Freddie Redd, a pianist and composer who released two well-received albums for Blue Note Records in the early 1960s and then jumped through cities for more than half a century as ambassadors for the golden age of jazz, died on March 17 by a year of nursing home in Manhattan. He was 92 years old.
His grandson Leslie Clarke said he died in his sleep but did not give a reason.
Mr. Redd is best known for writing the music for “The Connection” (1959), an off-Broadway play by Jack Gelber that portrayed the life of heroin addicted musicians in New York and made a prestigious film two years later It was directed by Shirley Clarke. Mr. Redd appeared in both.
Largely autodidact, Mr. Redd was particularly known for his compositions and skills as an accompanist. Even when he was the soloist, the chords on his left hand were often as rich as the improvised lines on his right hand.
The Music From ‘The Connection’, released in 1960, was Mr. Redd’s first album for Blue Note; In 1961 the celebrated “Shades of Redd” followed with an all-star band: alto saxophonist Jackie McLean (who also appeared in “The Connection”), tenor saxophonist Tina Brooks, bassist Paul Chambers and drummer Louis Hayes.
He recorded material from another album in 1961, but those tapes were put on hold after Mr. Redd quarreled with one of Blue Note’s founders, Alfred Lion. It was finally released in 1988 as “Redd’s Blues”. His studio career slowed and by the mid-1960s he had moved to Europe, where his presence became a symbol for the audience of a disappearing Halcyon age in small group jazz.
Born in New York, Redd reversed the pilgrimage of most great jazz musicians: he began his career at the center of the jazz universe and then moved out. And moved and moved again.
From the mid-1960s, he spent stretches in Copenhagen, Amsterdam, Paris, London, Pittsburgh, San Francisco, Los Angeles, Guadalajara, Baltimore and Carrboro, NC. In his 80s he returned to New York, where he recorded two albums for the SteepleChase label and spent his final years.
Mr Redd told the New York Times that his peripatetic career had given him creative satisfaction, if not always fair pay.
“I like to move,” he said in a 1991 interview. “It’s always refreshing because you don’t know the nuances and tricks of the new place. Unfortunately, the price I paid as an underdog is a lifestyle that wasn’t particularly supportive. But I don’t regret it. There’s a lot to discover, and sometimes you just can’t do it in a week or a month. “
Freddie Redd Jr. was born on May 29, 1928 in Harlem to Freddie and Helen (Snipes) Redd. His father was a doorman who played the piano at home and his mother was a housewife. His father died when Freddie was 2 years old, but he left behind the instrument Freddie would teach himself to play.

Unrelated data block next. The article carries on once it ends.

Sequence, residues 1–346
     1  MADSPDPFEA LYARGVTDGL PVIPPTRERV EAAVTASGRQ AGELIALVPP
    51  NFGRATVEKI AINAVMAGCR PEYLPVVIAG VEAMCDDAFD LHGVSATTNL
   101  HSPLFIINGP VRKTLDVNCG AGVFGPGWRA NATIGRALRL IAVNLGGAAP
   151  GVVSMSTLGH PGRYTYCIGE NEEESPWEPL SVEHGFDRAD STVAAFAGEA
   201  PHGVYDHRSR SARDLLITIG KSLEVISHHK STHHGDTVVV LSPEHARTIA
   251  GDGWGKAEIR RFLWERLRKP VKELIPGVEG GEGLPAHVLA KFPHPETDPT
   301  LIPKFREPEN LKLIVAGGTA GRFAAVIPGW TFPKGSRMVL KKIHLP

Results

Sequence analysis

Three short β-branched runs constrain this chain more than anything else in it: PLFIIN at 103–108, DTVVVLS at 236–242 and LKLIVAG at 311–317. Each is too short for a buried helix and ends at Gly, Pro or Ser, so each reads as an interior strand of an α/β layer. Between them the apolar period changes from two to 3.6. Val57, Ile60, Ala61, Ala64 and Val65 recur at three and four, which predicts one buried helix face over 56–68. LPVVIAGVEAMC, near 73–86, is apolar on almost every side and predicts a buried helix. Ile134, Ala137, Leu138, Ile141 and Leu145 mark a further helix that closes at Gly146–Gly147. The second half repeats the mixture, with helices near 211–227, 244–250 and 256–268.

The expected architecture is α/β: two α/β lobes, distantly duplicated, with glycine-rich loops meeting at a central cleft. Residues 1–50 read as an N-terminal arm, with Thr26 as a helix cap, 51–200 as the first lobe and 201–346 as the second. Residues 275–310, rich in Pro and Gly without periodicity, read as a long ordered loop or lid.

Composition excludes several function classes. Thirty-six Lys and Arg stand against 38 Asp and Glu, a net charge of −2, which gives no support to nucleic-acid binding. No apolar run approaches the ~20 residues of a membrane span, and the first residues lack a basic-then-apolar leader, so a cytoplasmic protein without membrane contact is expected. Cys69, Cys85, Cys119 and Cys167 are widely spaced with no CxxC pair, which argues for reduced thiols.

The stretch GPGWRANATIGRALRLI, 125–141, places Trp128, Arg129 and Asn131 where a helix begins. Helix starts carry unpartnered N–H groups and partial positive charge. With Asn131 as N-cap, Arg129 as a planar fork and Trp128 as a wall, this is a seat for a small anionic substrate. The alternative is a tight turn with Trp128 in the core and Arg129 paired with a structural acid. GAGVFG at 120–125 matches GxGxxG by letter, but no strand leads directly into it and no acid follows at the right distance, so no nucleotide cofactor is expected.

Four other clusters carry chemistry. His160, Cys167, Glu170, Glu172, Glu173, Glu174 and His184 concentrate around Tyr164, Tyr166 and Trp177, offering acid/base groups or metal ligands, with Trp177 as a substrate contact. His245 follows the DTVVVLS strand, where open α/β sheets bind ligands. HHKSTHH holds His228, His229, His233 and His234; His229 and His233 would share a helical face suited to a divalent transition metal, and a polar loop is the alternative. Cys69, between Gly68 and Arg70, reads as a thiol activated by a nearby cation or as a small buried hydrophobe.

In addition to his grandson, Mr. Clarke, Mr. Redd survives a step-daughter, Susan Redd; two other grandchildren; and two bootlegs. His wife Valarie (Lyons) Redd died before him, as did his children Stephanie Redd and Freddie Redd III.
Mr. Redd was drafted into the army in 1946. He later recalled hearing Bebop for the first time while stationed in South Korea, on a record played by another service member. He was addicted.
After returning to New York in 1949, he began playing with leading figures such as Art Blakey, Gene Ammons, Sonny Rollins and Art Farmer. In 1955 he recorded his first album “Freddie Redd Trio” for Prestige and spent time in California with Charles Mingus.
“During this time we realized that we are a brotherhood. We were all looking for the same topic, ”Redd told The Times, recalling his colleagues on the modern jazz scene in the 1950s. “We were drawn to the inspirational aspect of the music. It was a wonderful time. “
After he was arrested for marijuana possession, he lost his cabaret ticket, a document issued by law enforcement and required by anyone performing in nightclubs. Unable to work in clubs, he moved to a loft in Greenwich Village and became part of a scene that included visual artists, poets, and other musicians.
It was there that Mr. Redd met actor Garry Goodrow, who had just been cast in The Connection, a new play at the Living Theater that intimately showcased the lives of heroin addicted musicians. This led to an introduction to Mr. Gelber, who commissioned him to compose the music and perform as a member of the cast.
Although the film version of “The Connection” is now recognized as a classic of indie cinema, its raw and unshakable portrayal got into the crosshairs of censors in the US, where it was rarely shown.
A few years later, on one of his few pop studio dates, Mr. Redd was the organist on James Taylor’s debut single, “Carolina in My Mind”.
Jackie McLean reflected on Mr. Redd’s chimeric career in the liner notes for a Mosaic Records set, “The Complete Blue Note Recordings by Freddie Redd” (1989). “You never know which city you will see,” wrote the pianist. “He’s always been on the go. Freddie only appears like a wonderful ghost from time to time. “